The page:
Asbestos is a group of naturally occurring fibrous minerals that have been widely used in the construction industry due to their heat-resistant properties. Although the use of asbestos has been banned in the UK since 1999, it still poses a significant risk to workers who come into contact with it. In this article, we will discuss the types of asbestos and the dangers that they present to UK workers.

Types of Asbestos:

There are six types of asbestos, but the three most commonly used in construction are Chrysotile, Amosite, and Crocidolite.


Chrysotile, also known as white asbestos, is the most common type of asbestos used in the UK. It was widely used in the construction of buildings, particularly in insulation, roofing, and fireproofing materials. Chrysotile has long, curly fibers that are less likely to break apart than other types of asbestos, making it less dangerous. However, it is still a known carcinogen and can cause lung cancer, mesothelioma, and other serious respiratory diseases.


Amosite, also known as brown asbestos, was commonly used in the UK in the 1950s and 1960s. It has long, straight fibers that are more brittle than those of Chrysotile, making it more dangerous when inhaled. Amosite is often found in insulation boards, ceiling tiles, and cement sheets.


Crocidolite, also known as blue asbestos, is the most dangerous type of asbestos. It has thin, straight fibers that can easily be inhaled and lodged in the lungs. Crocidolite was mainly used in the UK for insulation and was also used in the manufacture of cement pipes and sheets.

Dangers of Asbestos to UK Workers:

Exposure to asbestos can cause serious health problems, including mesothelioma, lung cancer, and asbestosis. These diseases can take years or even decades to develop and can be fatal. UK workers who are at risk of exposure to asbestos include construction workers, electricians, plumbers, and heating engineers.

It is essential that workers who may come into contact with asbestos are properly trained and equipped with the appropriate protective gear. Employers have a legal obligation to ensure that workers are protected from the dangers of asbestos.

In conclusion, asbestos is a dangerous substance that poses a significant risk to workers in the UK. Although the use of asbestos has been banned for over two decades, it is still present in many older buildings and can be released during renovation or demolition work. Workers must be properly trained and protected to prevent exposure to asbestos and the associated health risks.

Asbestos: Young tradespeople need to know the risk

Millennials, gen Z workers and other younger people who work as plumbers, electricians, and in other trades need to take the risk of asbestos much more seriously. That’s the message from the Health and Safety Executive (HSE). The workplace regulator has launched a new campaign to raise awareness of the risks associated with the dangerous substance.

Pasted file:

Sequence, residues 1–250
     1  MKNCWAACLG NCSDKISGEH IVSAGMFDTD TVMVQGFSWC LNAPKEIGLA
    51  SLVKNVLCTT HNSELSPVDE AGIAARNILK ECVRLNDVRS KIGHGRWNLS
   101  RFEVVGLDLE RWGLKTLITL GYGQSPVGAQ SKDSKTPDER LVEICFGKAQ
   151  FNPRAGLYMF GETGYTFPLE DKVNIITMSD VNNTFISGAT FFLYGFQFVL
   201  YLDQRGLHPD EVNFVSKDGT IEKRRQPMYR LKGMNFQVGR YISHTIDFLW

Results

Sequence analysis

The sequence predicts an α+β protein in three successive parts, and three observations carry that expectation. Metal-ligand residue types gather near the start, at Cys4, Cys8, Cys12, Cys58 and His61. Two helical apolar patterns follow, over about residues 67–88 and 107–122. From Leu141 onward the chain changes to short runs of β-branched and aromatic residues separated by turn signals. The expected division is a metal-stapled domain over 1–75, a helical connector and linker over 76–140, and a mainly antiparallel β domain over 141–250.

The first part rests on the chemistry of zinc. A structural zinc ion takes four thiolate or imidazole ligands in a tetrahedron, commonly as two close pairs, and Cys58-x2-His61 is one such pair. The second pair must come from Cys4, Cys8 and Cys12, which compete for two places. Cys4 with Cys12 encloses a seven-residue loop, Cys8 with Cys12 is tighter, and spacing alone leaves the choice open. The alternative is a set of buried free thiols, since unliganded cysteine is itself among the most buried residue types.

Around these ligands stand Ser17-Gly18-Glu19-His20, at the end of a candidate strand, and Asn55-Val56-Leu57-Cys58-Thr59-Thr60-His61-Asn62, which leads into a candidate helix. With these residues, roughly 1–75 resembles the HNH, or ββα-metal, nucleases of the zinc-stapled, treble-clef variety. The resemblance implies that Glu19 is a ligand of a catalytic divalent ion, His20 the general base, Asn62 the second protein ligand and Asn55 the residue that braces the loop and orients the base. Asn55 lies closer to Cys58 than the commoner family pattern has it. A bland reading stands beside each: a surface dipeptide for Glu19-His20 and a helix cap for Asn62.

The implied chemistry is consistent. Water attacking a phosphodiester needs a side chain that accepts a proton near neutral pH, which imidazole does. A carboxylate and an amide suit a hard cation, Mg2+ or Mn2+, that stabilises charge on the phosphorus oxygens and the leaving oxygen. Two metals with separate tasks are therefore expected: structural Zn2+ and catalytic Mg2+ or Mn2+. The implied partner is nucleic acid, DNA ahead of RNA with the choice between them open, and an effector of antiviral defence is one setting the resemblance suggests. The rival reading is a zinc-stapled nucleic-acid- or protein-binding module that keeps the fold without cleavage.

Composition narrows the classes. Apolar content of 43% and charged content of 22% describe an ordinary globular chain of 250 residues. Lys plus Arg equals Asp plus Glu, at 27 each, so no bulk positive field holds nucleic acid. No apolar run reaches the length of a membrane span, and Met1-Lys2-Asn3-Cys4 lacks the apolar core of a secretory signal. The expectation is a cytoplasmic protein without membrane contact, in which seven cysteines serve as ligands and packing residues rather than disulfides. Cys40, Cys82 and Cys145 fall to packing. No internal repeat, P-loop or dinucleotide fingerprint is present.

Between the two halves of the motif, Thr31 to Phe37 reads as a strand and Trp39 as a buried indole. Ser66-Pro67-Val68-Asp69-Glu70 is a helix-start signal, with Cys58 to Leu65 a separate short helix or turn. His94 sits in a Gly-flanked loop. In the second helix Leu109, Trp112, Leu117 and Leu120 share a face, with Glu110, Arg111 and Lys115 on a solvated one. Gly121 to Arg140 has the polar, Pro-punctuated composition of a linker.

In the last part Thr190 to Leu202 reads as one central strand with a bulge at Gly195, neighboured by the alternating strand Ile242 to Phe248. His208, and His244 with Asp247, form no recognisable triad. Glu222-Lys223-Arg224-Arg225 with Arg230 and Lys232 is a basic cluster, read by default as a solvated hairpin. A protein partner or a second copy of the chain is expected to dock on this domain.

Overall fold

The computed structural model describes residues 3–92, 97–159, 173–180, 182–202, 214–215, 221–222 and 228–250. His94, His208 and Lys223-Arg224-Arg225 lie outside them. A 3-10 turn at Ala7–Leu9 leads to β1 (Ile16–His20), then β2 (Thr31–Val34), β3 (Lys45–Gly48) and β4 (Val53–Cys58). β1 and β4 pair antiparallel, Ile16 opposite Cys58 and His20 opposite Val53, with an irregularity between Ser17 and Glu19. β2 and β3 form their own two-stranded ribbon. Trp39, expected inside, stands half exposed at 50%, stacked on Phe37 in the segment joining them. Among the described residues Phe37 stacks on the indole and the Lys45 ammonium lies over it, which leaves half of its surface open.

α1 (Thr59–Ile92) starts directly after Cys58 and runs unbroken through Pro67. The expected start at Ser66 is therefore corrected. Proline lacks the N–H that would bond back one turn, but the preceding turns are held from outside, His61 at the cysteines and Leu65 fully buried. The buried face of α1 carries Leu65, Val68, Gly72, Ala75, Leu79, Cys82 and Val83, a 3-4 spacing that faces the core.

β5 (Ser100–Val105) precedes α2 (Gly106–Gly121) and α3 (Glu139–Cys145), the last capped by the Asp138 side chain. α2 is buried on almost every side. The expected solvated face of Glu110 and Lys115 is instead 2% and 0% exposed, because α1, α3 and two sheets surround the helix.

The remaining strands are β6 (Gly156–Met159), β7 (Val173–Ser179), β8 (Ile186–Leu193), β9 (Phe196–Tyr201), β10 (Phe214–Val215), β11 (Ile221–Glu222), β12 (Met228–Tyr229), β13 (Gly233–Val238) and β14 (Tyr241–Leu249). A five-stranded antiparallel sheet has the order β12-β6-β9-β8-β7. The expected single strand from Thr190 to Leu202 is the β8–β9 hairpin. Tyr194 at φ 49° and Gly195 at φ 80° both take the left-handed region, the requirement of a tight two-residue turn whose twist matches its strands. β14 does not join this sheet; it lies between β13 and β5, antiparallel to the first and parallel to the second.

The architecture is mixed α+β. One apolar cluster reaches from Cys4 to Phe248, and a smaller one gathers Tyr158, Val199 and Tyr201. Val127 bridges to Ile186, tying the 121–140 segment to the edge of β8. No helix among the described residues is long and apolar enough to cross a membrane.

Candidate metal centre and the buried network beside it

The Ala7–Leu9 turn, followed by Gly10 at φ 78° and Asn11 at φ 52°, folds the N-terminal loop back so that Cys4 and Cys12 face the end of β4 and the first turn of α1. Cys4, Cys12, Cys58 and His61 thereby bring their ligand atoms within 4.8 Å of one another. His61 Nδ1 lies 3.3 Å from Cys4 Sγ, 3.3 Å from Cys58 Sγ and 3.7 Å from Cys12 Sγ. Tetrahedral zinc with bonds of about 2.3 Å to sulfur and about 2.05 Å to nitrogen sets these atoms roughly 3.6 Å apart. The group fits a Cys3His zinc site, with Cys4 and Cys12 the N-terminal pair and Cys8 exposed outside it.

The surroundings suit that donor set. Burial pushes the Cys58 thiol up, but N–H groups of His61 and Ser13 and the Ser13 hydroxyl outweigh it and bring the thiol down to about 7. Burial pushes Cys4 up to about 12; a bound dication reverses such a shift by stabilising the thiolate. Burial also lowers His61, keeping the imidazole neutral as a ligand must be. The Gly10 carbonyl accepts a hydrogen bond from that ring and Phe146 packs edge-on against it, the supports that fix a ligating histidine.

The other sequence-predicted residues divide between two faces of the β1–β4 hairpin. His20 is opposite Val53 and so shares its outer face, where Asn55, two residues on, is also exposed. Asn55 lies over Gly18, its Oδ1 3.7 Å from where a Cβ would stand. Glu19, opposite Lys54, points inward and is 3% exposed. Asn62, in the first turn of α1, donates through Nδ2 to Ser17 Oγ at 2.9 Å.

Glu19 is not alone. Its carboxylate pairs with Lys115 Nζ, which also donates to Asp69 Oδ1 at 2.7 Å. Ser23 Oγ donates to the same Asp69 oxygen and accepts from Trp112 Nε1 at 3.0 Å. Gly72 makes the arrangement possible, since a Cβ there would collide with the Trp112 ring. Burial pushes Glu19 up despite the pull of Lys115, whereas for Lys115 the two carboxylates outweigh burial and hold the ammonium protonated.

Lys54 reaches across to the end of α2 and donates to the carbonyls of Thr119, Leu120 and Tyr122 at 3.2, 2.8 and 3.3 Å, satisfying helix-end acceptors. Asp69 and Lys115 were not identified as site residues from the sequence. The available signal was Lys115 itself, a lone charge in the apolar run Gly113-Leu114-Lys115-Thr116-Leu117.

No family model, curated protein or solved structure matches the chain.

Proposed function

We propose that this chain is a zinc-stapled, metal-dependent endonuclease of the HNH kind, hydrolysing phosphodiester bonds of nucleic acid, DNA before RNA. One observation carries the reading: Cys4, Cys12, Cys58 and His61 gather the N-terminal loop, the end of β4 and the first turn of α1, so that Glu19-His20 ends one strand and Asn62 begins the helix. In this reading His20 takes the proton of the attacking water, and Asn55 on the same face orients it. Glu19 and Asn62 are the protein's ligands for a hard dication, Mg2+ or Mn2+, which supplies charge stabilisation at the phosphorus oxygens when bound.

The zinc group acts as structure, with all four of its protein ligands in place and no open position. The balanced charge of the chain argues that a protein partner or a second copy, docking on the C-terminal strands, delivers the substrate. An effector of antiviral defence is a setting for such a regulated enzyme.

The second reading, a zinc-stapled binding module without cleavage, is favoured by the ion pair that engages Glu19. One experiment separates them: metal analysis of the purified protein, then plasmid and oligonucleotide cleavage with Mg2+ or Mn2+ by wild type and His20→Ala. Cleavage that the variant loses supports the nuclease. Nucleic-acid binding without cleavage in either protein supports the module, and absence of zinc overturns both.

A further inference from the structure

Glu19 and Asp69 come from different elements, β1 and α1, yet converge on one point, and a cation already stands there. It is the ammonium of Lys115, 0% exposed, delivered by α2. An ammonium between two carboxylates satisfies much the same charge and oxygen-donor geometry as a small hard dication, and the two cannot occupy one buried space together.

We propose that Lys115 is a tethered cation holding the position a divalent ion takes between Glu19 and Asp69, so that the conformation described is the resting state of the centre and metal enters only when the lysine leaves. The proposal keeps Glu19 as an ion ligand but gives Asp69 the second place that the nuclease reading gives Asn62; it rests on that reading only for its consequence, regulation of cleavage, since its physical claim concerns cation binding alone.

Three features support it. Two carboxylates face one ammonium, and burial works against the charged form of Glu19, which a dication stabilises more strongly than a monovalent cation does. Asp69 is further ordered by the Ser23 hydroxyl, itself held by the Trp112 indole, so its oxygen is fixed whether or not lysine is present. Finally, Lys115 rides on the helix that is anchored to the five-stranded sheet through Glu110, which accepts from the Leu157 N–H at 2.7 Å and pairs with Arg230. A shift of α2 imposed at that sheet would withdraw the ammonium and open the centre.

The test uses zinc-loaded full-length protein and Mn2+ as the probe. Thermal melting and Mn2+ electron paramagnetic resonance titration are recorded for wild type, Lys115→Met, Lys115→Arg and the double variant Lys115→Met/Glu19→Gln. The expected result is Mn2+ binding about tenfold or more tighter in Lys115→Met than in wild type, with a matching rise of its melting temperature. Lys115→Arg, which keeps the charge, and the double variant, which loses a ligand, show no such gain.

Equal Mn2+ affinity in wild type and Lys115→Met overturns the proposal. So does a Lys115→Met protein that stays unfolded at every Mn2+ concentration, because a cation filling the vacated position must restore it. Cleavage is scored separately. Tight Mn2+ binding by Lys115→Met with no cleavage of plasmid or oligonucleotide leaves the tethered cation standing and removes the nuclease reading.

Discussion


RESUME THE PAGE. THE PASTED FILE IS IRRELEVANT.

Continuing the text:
The campaign, called Asbestos and You, will target all tradespeople with a focus on younger workers in trades such as plastering and joinery. HSE wants to reach construction workers who started their careers after the use of asbestos was banned in 1999.

The regulator is concerned the length of time it takes for symptoms to develop after asbestos exposure could lead to a perception among today’s younger workers that it is something that only impacts older people who were working before the ban.

Five thousand people a year still die from asbestos related illnesses and asbestos can still be found in buildings built or refurbished before the year 2000.

Asbestos containing materials were used extensively in the construction and maintenance of buildings in Great Britain from the 1950s until the ban. That means construction workers of all ages could still be exposed to asbestos fibres today.

HSE’s chief executive Sarah Albon said: “Asbestos exposure in Great Britain is still the single greatest cause of work-related deaths.  We are committed to protecting people in the workplace and reducing future work-related ill health.

“Everyone working in construction today, of any age, must take the risk from asbestos seriously.

“Asbestos is dangerous when not maintained in a safe condition or if physically disturbed without the right measures in place to avoid fibres being released into the air.”

If asbestos fibres are inhaled, they can cause serious diseases such as mesothelioma, asbestos related lung cancer, asbestosis, and pleural thickening. Construction tradespeople of any age are at significant risk if they disturb materials containing asbestos during repairs and refurbishment.

HSE’s head of health and work policy Mike Calcutt said: “These diseases often take a long time to develop, and it can take 20 to 30 years for symptoms to appear.

“It is crucial that all workers know how to recognise the dangers and take the right actions to protect themselves and those around them from being exposed to asbestos fibres.”

Find out more about the Asbestos and You campaign, and visit HSE’s website for further guidance on asbestos.